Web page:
TAILGAITING BLOOMS IN WALMART GARDEN CENTERS
Just in time to capitalize on the traditional fall football frenzy, Walmart has transformed more than 1,700 of its Garden Centers into “Game Time Headquarters”—a department aimed at tailgating enthusiasts.
Beginning the last week in August and running through Sept. 30, select stores have customized their Garden Centers for fans of local college or professional football teams with items ranging from team merchandise and decor to game-time snacks and beverages.
The goal? To capitalize on the $20-billion-dollar tailgating industry.
Walmart Garden Centers will continue to sell an assortment of mums and other fall plants, as well as year-round items like bird seed, during this promotion.
“Since the Garden Centers have great space flexibility, we are able to include this merchandise along with the Game Time features,” said Shannon Frederick, Walmart’s senior communications manager. After Game Time, she added, the stores will begin preparing the Garden Centers for the holiday selling.
Among the Game Time products the Bentonville, Ark. -based retailer is merchandising are hats, T-shirts, charcoal grills and coolers, as well as food items like hot dogs, chicken breasts, chips, potato skins and soda. There are team logoed coffee mugs for $15, arm chairs for $20, jerseys for $30 and gazebos for $157.
“I think it’s a great idea, especially for a seasonal business,” said John Largent, who founded the American Tailgater’s Association in 2003. “The beginning of football season is a pivotal time for tailgaters to buy new grills, accessories and other items. It’s exciting to see Walmart recognize tailgating as an industry and a viable marketing opportunity.”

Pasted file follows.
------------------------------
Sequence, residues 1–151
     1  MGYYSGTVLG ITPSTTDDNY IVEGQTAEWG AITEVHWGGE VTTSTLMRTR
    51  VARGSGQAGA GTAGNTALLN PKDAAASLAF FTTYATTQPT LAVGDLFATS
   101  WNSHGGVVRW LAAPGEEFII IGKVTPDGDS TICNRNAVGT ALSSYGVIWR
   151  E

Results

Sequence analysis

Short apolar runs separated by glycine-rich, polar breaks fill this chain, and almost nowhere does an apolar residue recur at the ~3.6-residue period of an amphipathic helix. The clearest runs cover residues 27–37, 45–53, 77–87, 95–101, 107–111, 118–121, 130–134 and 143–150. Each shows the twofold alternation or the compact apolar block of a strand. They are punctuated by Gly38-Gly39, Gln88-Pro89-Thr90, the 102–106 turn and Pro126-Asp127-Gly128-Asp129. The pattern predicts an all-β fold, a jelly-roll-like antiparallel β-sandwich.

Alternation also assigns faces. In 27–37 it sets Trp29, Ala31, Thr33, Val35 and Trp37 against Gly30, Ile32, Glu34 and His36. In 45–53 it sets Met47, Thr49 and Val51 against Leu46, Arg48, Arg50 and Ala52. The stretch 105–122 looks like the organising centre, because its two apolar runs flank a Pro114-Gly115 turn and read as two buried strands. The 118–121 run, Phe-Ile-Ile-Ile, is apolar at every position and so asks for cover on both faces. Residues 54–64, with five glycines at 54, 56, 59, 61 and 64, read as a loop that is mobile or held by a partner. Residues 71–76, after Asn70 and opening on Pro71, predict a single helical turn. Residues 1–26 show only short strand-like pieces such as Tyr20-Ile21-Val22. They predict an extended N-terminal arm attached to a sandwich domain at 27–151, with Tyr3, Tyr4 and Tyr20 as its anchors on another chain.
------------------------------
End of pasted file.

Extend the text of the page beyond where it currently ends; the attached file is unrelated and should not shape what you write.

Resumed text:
According to tailgating.com , 42 percent of tailgaters spend more than $500 each season on food and supplies. Walmart says it can provide a group of four with everything it needs to tailgate at six home games this season for about $66 per game—a savings of more than $100 for the season.
The 1,700 Game Time locations are distributed around the country in areas near large fan bases for college or professional sports teams.
“With 36 million tailgaters in the U.S., the kick-off to football season is now one of our favorite all-American pastimes,” said Janet Bareis, vp -corporate marketing for Walmart. “But we know our job on the team is to make sure tailgaters don’t spend a dime more than they need to—that’s why we’ve put together some winning prices all in one place in the store.”
According to Largent, Walmart won’t be facing too much competition in the marketplace. While there are Web sites that specialize in tailgating equipment and some sporting goods stores and supermarket s that devote space to it on a seasonal basis, Walmart is the first major retailer to target the industry, he said.
Keith DeWolf, manager of Home & Garden Showplace, the garden center division of True Value, declined to comment on Walmart’s announcement, but he did say there is a place for this type of creativity within the diverse garden center industry. “There are some garden centers that would definitely have the space for [a tailgating section],” he said. “If they’re in the right location, it might be a good side business.”